Finishing that mural was so tiring, but again so worth it. Worth all the black, gray, and white on my fingers (which took so long to take the paint off)  It turned out so beautiful. I have no words to describe how beautiful it looks. After we finished the mural, we all felt very accomplished and took an amazing picture. Then we went back to CAFSA and we ate a delicious lunch. Of course we had to celebrate Mr.Dale’s birthday and after that we played activities with the CASFA students, who have become more then friends, they’ve become family.

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Team work is everything. This is my second family.

Jenni:  Today, we made a mural with the CASFA kids. The mural included the flag of the U.S. and Colombia. While painting, I felt connected to my inner self. I remembered the time Sister Carolina told us of the significance of the mural of the indigenous women and of the baby eating corn. The indigenous women in the mural represented our (hispanic) indigenous roots. The baby and the corn was a representation of how one eats cultural food from a young age.

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The painting itself represents the love for art in the culture of hispanics. While painting, I really felt that connection. I’ve always wanted to write graffiti on walls and to do it in Colombia is an absolute dream come true. Back in the U.S. you don’t really get praised for murals or significant graffiti. Here, you are recognized for the art you do. As we were painting, people walked by, talking of the man that was leading us in painting. They’d smile and say with a proud smile “He’s especially recognized for the art he has all over here.” I felt inspired by him to embrace the art and spread it to others. The way he led a group of more than 20 people in drawing and painting a whole mural was amazing.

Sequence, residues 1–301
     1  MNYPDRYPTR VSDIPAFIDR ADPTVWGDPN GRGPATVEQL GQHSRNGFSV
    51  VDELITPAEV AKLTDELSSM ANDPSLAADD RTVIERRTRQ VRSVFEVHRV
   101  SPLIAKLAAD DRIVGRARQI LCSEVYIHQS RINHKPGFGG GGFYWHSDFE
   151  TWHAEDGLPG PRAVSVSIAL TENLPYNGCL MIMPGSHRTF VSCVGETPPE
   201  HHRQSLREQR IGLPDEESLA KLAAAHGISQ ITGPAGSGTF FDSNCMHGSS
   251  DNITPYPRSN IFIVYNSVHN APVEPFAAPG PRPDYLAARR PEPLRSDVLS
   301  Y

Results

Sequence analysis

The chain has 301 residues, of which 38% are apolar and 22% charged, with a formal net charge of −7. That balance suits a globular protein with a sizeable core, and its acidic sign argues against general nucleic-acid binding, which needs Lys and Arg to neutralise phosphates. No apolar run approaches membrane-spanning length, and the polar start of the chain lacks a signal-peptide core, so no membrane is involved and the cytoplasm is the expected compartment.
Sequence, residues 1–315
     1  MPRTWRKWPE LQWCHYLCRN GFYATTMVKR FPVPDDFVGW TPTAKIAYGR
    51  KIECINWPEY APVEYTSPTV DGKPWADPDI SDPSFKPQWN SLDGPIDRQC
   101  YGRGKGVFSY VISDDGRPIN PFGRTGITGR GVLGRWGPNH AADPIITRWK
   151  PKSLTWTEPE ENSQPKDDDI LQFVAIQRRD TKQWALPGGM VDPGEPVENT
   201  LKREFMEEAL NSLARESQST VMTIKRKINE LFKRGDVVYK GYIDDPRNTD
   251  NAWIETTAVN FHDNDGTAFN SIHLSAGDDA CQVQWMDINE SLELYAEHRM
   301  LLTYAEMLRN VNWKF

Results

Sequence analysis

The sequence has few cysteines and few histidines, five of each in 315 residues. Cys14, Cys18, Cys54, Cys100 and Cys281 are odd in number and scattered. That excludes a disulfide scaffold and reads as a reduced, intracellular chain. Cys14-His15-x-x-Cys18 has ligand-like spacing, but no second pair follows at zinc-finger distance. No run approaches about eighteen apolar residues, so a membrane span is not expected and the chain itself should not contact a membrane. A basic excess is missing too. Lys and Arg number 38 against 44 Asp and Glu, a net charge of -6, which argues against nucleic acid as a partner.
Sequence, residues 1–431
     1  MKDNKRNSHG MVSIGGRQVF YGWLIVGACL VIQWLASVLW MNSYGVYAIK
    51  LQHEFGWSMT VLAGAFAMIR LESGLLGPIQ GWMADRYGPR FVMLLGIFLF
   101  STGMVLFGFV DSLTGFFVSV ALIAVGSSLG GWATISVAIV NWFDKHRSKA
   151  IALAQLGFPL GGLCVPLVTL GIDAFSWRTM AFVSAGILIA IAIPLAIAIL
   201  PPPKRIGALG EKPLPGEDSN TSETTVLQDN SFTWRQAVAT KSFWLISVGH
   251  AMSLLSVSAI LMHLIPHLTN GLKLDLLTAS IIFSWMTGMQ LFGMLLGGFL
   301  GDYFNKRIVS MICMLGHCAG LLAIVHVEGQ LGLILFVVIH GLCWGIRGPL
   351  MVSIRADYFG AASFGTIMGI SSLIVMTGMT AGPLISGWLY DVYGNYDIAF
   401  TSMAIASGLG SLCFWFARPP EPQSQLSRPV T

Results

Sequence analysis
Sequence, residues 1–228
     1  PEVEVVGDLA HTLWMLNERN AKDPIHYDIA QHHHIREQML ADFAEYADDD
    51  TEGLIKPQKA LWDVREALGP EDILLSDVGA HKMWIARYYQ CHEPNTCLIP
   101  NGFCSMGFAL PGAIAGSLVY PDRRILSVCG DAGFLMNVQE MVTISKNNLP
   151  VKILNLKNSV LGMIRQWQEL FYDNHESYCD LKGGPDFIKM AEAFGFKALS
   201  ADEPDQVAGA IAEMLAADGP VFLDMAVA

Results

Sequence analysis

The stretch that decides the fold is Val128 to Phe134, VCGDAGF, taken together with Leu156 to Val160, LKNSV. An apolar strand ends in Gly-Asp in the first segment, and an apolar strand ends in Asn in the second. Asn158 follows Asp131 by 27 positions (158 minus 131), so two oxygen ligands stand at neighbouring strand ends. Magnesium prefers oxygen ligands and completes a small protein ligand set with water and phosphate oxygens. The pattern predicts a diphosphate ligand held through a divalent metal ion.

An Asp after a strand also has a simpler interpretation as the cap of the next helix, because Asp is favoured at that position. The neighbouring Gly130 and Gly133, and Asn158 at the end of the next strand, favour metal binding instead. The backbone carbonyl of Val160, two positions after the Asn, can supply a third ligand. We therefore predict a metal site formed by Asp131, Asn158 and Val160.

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Truly, I think art is a part of us that we all embraced today. I’ll never forget laughing, singing and painting with the CASFA and Cristo Rey kids. After we finished, I sat at the top of the mural and enjoyed the view. Friends came to join me and we all just laughed and listened to music. Heidi came to me with her speaker telling me that my cousin, Kevin Roldan’s (famous artist in Colombia) song was playing. I started laughing. Today was full of true joy. I was struck when I saw the ending result and felt surprised and proud at the same time.

Through this mural, we left our footprints here in Colombia. I saw people looking back at it as they walked up the stairs and passed by the mural. I hope that our partners will see it and remember the memories spent during this trip and especially while making the mural. Though I got white paint on my hair and seemed as if I got gray hairs, I’d consider this one of the most memorable moments in my life.

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3 thoughts on “Day 6: Slay, Alejandro! (Amy and Jenni R)

  1. Pingback: Cristo Rey Students in Bogota | Pathways to Children

  2. Jenni, Amy and Claudia — Thanks for sharing the beautiful ways that you are leaving a mark on Columbia and Columbia is impacting you. What a beautiful mural. Happy Birthday Mr. Dale…You’re still just a puppy!